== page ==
The Attorney General is a separately elected, independent state official who derives his powers from our state constitution, which says that “the attorney general shall be the legal adviser of state officers, and shall perform such other duties as may be prescribed by law.” Our state Supreme Court interprets these duties broadly, ruling that as legal adviser, the AG’s role is something more than a passive observer of state government. The role of the Attorney General is one of many “checks and balances” in our democratic form of government.

Some have asked how the health care bill insurance mandate differs from requirements to purchase auto insurance. But auto insurance is mandated by the states, not the federal government.  The individual states are not bound by the Constitution’s Commerce Clause.  And auto insurance is imposed on the privilege of driving, which you may choose to forgo. The health insurance requirement is a mandate on every American.

Others have asked how the insurance mandate differs from Medicare or Social Security – federally-required entitlement programs. The insurance mandate isn’t a tax. Medicare and Social Security are taxes that we pay in return for government services. It’s unprecedented for the federal government to force you to buy a product from the private market, controlling which product qualifies, and penalizing you if you don’t buy it. The government is neither collecting money you would pay for insurance nor providing the insurance. Under the health care bill, if you don’t buy a qualified, government-approved insurance package, you pay a fine. Even though the penalty would be collected by the Internal Revenue Service, it’s still a fine – not a tax.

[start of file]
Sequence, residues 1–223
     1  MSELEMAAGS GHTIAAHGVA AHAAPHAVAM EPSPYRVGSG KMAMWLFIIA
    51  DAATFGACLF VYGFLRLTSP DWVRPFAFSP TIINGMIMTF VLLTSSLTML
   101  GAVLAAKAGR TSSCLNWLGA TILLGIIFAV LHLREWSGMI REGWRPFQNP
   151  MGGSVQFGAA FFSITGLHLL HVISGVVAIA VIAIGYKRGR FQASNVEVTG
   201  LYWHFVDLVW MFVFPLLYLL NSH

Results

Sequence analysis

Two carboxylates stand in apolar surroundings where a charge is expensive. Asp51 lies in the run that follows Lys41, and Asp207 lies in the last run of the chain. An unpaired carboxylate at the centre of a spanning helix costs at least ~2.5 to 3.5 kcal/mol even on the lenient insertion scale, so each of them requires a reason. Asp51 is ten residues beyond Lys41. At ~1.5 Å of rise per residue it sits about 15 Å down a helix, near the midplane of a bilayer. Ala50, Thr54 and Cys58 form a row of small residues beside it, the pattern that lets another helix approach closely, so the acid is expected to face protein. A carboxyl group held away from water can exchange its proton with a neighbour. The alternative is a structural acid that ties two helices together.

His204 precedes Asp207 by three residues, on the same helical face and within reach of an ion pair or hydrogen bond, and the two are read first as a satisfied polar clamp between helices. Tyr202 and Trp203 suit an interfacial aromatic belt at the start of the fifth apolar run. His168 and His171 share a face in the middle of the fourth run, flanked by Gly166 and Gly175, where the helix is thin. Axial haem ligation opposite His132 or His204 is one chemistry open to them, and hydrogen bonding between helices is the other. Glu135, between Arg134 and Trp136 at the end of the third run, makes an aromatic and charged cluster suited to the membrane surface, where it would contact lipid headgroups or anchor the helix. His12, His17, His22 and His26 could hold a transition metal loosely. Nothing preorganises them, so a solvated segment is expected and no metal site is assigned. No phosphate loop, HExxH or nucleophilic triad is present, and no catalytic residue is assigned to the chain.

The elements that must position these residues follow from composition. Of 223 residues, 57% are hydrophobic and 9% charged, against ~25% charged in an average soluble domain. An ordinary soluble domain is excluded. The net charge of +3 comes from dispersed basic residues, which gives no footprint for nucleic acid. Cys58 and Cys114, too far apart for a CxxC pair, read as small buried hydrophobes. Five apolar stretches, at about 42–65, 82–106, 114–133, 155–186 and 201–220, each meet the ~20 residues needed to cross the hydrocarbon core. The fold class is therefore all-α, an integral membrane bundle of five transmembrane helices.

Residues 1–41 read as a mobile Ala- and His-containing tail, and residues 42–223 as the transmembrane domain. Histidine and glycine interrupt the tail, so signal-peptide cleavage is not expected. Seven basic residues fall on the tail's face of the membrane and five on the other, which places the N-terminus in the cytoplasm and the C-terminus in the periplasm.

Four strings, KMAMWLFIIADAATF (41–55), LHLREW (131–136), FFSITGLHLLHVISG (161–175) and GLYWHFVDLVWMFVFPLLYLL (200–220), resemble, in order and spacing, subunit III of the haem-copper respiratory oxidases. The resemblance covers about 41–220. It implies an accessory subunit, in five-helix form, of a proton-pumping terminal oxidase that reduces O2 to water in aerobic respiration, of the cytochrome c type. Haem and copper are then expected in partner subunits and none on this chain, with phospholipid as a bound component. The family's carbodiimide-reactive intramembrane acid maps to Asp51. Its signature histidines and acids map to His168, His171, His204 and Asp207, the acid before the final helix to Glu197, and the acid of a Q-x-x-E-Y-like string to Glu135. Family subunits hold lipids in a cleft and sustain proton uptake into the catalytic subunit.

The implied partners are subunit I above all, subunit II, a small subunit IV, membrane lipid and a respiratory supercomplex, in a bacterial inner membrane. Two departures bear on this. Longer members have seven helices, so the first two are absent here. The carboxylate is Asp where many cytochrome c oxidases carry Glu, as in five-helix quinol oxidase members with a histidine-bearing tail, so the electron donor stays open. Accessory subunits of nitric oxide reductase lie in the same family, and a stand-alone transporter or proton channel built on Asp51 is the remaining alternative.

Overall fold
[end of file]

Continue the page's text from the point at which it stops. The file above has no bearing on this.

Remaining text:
There has been robust debate on this issue. Randy Barnett, the Carmack Waterhouse Professor of Legal Theory at Georgetown Law Center, is one of many who agree with the states. He points to two recent cases where Constitutional law professors predicted the court would uphold laws banning handguns within 1,000 feet of a school (U.S. v. Lopez) and permitting women to sue rapists in federal court (U.S. v. Morrison) — yet the U.S. Supreme Court struck these laws down because they exceeded Congress’ power under the Commerce Clause.

In a New York Times interview, Barnett says, “The individual mandate goes far beyond these previous acts. Congress has never before mandated that a citizen enter into an economic transaction with a private company, so there can be no judicial precedent for such a law. Telling someone how they must do something is one thing; commanding that they must do something is entirely different.”

The lawsuit over the health care bill is consistent with my commitment to independently fight for the rights of Washington state citizens and to uphold my oath of office to defend the Constitution.

To learn more about Washington’s involvement in the health care lawsuit, go to /health-care-lawsuit.